Yesterday's blog post from Jim Peterson (Re:Balance) excoriated the PCAOB for proposing to require audit firms to disclose the names of the responsible engagement partners. Jim claims that the PCAOB is wasting its time: the name of the engagement partner is not relevant information to sophisticated users of financial statements; it's one more piece of information that the average investor won't attend to; and it would only fuel the fires of the "unremitting critics of the profession."
Yesterday, I might have been inclined to agree with Jim; but today, I don't. For today brought news (here, here and here) that PCAOB inspectors had concluded (in 2008) that Deloitte & Touche's quality control system was flawed, and that the firm still has not corrected the problem. Specifically, the inspectors found too many instances were DT auditors placed too much reliance on management's representations – what some would derisively call "auditing by inquiry" – without adequately testing the accuracy of those representations.
Based on what I have read so far, here is what I think an investor is entitled to know in a timely manner, and which has never been disclosed:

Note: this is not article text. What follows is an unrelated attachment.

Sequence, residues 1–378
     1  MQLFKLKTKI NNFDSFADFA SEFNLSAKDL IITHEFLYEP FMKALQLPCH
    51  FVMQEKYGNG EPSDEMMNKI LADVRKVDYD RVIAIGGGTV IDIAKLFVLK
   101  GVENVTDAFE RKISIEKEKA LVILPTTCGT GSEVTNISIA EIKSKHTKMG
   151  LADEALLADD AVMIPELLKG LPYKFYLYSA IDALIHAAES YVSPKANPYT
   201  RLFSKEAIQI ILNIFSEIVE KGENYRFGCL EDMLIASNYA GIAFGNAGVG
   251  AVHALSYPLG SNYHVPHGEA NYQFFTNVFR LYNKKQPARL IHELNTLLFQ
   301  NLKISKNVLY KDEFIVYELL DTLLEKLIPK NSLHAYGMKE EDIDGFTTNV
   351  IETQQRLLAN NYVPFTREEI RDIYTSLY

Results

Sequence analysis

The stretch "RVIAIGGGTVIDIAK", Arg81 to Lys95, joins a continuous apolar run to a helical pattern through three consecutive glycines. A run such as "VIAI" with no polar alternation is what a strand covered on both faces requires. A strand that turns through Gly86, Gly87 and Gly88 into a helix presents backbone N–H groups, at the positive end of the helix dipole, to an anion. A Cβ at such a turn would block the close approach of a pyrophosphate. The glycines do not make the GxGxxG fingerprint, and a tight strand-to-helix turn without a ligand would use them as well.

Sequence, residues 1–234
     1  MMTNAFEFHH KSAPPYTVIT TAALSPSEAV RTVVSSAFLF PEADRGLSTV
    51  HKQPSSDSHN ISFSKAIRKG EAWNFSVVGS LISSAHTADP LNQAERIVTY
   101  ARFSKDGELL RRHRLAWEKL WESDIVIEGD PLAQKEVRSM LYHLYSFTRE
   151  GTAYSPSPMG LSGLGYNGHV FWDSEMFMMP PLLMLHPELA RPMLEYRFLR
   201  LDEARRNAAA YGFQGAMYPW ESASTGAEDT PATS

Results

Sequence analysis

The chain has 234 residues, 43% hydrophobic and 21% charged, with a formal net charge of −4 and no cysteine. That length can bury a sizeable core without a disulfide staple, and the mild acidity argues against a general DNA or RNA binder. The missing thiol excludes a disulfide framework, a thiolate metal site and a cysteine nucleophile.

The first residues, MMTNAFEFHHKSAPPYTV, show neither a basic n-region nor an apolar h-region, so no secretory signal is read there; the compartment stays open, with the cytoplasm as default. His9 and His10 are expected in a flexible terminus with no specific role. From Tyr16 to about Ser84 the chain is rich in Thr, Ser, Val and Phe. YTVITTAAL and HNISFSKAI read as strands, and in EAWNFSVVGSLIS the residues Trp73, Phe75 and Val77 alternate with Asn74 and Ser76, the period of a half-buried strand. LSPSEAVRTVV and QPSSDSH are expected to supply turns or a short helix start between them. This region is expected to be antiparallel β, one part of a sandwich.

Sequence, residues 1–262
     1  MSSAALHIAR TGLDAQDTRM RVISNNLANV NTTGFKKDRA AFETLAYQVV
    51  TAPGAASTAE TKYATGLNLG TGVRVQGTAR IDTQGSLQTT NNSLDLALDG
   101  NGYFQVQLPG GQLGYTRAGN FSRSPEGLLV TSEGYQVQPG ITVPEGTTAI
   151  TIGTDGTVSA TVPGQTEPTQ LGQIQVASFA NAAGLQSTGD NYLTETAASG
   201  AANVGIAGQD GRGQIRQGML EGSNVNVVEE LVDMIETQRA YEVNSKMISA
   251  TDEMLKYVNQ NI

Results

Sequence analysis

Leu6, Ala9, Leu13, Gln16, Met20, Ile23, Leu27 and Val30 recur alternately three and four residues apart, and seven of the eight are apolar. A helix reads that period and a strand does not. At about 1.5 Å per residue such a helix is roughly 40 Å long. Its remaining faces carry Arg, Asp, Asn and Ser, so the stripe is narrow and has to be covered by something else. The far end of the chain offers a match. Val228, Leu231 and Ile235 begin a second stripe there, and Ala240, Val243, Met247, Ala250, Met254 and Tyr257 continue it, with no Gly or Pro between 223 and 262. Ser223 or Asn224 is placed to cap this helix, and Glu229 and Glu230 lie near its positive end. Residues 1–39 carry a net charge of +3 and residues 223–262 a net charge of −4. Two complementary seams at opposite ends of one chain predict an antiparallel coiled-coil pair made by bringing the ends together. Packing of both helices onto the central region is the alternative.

- Which companies were affected by the allegedly flawed audits?
- Who were the responsible engagement partners?
- Were the responsible engagement partners disciplined or re-trained in any way?
- Which other audits could be flawed because the responsible engagement partners were involved?
Unfortunately, my entire line of questioning falls apart at the beginning because of the PCAOB's longstanding (and controversial) policy of not identifying the companies affected when its inspectors have identified a flawed audit.
And, as for timeliness, I have one more question: The original Part I of the PCAOB report was issued in May 2008. By law, DT had until May 2009 to remedy the problems and in doing so, keep them confidential. Thus, the PCAOB could have issued the report it issued yesterday 30 months earlier. What took them so long?
If the PCAOB truly wants the naming of responsible engagement partners to have information and deterrent value, it needs to be more forthcoming itself about the results of its inspections, and to publish the information in a timely manner.